Also, I felt that they were trying to capture the magic of the Falcon cannon from TNOT Falcon, but it just doesn't work here. I wish they took this money to make a Kraken for TNOT Kraken instead of the hydrolic arm to the underwater base. Or use that money to borrow the Kraken from "Voyage to the Bottom of the Sea" episode Eleven minus Zero! Oh, well that is a different story.

I already had Harold Gould pegged as the villian when Jim listened in on the voice box. He did a great job, but I liked him better in TNOT Bubbling Death. I also was very surprised that they did a Mission Impossible disguise for RM. That is were you have another actor go to remove their "Mask" and end up being Martin Landau underneath. I know that RM was injured, but couldn't they have added him in close ups in post production. I mean after all there were whole train tags that were added on at a later time. Like the one at the end of TNOT Pistoleros (You can tell because Artie is sporting that awful new haircut after RM's heart attack,).

It's not a bad episode, but it isn't that spectacular either!
3 stars out of 5!

Herr Ostropolyer

"There once was a woman from Niger, who road upon the back of a tiger, when she returned from the ride she was inside and there was a smile upon the face of the tiger." -Artie's gripping warning to the millionaires in TNOT Avaracious Actuary.
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SS novice field agent

554 Posts

Posted - 10/11/2006 :  19:18:23  Show Profile
"As plaster starts to fall and wine glasses crash to the floor, they escape just in time."

"A wagon at the curb contains a gigantic tuning fork which is radiating powerful sound waves."

"The agents know that a giant tuning fork is the cause of the destruction."

"West disposes of three burly guards around the wagon, but when the energy is directed toward him he falls unconscious."

This is the exact same response my parents displayed the first time I played a Led Zeppelin record upstairs in my room.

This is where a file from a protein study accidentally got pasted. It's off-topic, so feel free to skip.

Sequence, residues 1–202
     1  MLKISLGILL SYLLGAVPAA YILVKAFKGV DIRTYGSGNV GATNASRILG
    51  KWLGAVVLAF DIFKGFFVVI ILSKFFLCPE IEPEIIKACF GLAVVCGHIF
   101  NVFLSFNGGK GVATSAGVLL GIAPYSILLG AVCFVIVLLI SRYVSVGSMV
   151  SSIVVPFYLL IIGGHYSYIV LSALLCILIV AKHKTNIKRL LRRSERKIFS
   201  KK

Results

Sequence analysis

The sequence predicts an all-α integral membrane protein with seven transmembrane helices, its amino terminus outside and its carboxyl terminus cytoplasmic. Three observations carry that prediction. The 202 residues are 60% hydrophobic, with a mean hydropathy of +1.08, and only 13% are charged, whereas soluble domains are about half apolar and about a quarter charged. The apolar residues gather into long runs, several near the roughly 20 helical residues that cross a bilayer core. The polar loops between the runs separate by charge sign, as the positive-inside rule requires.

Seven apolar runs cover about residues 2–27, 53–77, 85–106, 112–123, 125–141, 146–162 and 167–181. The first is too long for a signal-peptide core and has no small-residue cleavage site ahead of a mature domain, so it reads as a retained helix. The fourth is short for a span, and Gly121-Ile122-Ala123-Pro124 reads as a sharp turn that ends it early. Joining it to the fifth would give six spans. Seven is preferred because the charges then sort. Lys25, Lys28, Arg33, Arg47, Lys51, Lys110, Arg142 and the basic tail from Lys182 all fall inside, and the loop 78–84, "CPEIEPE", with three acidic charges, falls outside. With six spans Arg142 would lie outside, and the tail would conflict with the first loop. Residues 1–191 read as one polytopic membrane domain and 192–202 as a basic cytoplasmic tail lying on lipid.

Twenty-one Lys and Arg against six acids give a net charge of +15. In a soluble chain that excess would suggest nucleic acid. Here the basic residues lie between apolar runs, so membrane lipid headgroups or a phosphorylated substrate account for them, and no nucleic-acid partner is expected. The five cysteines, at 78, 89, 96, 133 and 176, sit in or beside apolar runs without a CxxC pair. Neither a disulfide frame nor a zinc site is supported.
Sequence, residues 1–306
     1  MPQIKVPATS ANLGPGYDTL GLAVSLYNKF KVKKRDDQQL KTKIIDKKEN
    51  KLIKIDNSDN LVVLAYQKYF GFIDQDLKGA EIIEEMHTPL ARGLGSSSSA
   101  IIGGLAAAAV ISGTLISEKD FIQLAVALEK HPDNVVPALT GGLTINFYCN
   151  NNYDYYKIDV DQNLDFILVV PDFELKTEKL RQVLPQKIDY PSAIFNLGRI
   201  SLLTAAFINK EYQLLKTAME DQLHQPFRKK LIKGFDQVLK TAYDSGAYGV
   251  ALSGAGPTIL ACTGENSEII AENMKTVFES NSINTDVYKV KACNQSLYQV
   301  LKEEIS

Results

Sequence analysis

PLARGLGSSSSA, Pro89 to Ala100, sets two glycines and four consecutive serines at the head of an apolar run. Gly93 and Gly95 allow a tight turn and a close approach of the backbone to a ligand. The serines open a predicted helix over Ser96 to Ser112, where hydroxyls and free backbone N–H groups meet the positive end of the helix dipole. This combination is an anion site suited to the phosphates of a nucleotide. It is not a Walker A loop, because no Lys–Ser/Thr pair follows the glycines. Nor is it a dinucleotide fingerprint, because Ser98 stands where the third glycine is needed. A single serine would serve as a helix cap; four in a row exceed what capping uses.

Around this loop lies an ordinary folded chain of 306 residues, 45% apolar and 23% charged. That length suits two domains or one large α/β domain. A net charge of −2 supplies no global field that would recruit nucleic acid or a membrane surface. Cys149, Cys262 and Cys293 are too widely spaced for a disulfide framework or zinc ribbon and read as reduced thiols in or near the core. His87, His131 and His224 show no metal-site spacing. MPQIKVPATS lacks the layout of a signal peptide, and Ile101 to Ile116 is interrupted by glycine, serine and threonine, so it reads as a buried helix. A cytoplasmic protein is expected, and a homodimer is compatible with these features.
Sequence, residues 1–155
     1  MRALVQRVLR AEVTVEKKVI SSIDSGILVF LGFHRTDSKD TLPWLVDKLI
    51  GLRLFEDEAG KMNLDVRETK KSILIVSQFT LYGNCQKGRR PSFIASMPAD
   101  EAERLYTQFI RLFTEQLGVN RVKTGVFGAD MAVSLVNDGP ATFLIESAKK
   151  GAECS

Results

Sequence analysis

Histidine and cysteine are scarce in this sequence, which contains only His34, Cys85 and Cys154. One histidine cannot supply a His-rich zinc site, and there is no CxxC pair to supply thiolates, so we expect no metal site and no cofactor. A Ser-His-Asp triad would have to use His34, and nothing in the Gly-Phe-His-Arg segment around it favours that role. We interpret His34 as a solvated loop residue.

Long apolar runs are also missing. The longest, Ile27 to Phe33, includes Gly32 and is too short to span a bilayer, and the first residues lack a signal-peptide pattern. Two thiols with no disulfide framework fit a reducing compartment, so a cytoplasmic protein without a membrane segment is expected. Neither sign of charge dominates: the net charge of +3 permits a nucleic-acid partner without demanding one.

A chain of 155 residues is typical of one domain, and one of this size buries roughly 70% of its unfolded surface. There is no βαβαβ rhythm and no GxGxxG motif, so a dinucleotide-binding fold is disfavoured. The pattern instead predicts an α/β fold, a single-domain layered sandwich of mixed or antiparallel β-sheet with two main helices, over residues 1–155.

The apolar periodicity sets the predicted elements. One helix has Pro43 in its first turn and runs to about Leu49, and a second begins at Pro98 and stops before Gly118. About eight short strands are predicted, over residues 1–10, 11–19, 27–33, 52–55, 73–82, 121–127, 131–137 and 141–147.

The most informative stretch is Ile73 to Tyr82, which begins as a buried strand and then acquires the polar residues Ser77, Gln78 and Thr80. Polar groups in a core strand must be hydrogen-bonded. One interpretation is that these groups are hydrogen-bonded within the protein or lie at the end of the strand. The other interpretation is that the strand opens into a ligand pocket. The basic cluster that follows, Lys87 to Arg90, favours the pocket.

(Fritz Feld also starred in an episode of Lost In Space.)

The Wild Wild West: "Escapist entertainment of the highest order."
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SS Quizmaster Emeritus

3908 Posts

Posted - 10/11/2006 :  22:30:19  Show Profile
S the B.: This is the exact same response my parents displayed the first time I played a Led Zeppelin record upstairs in my room.

With one important difference: Apparently your parents didn't dispose of you, for which we are grateful.

Can anybody out there remind me of the commercials or other shows in which Fritz Feld circled his lips and popped them with his palm? I know that was his trademark!
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Herr Ostropolyer
SS 1st assignment - desk job

209 Posts

Posted - 10/12/2006 :  18:28:45  Show Profile
Hey ccb,

I know of two shows that Fritz did the popping noise. In Lost in Space, he played Mr. Zumdish and he did it in all 3 episodes he was in "The Android in Space", "The Toymaker", and "Two Weeks in Space". He also played an art critic in an episode of Batman "Pop Goes the Joker", "Flop Goes the Joker". He also played Professer Greenleaf in "The Joker's Flying Saucer", but I don't remember him doing it in that episode, I hope that was a start!

Herr Ostropolyer